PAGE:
Short-changing the training needs of newly qualified teachers, of which some schools are apparently guilty of, is misguided (page 1). But blaming schools misses the point.
Ultimately, the challenge of training up our fledging teaching force lies with the Assembly government, and not within a beleaguered school budget.
A school's size, location and local authority will always have some bearing on how far schools can provide staff training. There is never an equal playing field in Wales.
All new teachers must take some responsibility for their training, undertaking their own research, and informing managers where they have knowledge gaps.
Funding is important, but not as much as the active and co-ordinated spreading of good practice. Every teacher should be made aware of proven teaching practices that work, be it in Sweden or Swansea.
There will be more successful teachers than others, as is the case in all professions, but there should not be information inequality. Sadly, this is the case.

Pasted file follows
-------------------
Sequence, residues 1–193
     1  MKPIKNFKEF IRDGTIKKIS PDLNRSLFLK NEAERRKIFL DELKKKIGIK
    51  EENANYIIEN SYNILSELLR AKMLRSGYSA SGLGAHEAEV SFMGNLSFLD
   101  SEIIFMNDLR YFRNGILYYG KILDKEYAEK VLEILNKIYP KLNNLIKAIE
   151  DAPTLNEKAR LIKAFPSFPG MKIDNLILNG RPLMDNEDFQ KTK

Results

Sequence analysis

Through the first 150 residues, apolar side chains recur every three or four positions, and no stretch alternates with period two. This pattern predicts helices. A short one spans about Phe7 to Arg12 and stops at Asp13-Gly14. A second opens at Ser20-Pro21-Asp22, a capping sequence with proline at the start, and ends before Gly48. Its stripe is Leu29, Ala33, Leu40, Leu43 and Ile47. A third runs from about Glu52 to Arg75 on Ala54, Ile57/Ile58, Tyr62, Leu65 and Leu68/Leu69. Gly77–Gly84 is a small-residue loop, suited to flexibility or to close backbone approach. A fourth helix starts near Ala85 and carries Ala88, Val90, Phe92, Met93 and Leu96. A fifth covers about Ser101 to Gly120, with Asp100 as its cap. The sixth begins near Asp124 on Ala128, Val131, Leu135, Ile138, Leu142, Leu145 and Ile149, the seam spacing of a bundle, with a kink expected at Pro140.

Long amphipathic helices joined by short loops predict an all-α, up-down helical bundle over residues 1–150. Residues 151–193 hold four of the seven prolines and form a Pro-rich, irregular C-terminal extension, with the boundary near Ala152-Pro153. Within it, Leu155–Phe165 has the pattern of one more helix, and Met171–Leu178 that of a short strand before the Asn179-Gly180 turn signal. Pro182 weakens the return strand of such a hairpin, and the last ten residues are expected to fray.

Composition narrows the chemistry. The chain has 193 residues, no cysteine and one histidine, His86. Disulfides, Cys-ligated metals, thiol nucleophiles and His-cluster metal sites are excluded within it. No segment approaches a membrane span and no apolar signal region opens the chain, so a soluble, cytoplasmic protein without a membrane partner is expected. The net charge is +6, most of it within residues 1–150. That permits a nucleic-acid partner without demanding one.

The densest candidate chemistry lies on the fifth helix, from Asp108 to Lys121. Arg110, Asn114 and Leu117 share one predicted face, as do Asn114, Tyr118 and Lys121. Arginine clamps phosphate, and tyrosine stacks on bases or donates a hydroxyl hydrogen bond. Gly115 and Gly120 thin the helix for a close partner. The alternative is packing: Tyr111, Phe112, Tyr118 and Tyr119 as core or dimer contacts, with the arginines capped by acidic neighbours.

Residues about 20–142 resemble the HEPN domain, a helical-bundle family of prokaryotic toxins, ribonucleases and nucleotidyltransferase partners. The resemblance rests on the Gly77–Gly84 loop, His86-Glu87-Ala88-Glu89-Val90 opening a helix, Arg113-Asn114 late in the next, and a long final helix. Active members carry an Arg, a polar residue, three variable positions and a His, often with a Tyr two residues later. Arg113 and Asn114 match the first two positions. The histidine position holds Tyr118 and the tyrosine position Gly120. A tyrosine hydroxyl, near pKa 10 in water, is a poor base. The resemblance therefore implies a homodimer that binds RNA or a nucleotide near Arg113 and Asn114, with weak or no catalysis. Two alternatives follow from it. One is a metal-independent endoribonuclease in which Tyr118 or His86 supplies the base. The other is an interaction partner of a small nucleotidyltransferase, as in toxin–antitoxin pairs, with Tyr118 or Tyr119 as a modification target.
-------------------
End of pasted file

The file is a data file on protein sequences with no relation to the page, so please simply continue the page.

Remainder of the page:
From good foundations, teachers can go on to narrow yawning gaps between some of Wales's best and worst performing schools and classrooms, a disabling feature dragging down overall performance.
But there has to be an all-embracing national effort to that end.
To be fair, the school effectiveness framework is in its infancy. Pilot schools are currently working out how best to share good practice under the "messenger" of a super head or consortium.
In an interview with TES Cymru this week, Dr Bill Maxwell, chief inspector of schools and training, made it clear the spreading of good practice should be the main aim of 2009.
Weeks before the publication of his second annual report, he hinted it was absolutely crucial, but he expressed concern that there is not a national vehicle for this. There must be a better co-ordinated national approach to training teachers, starting at NQT level.
Training should not simply rely on a couple of thousand pounds available from the GTCW. New teachers need to know where to access information, and it should be from one source.
It is communication channels in Wales that should come under attack, not the creative accountancy of heads, when it comes to training our new teachers.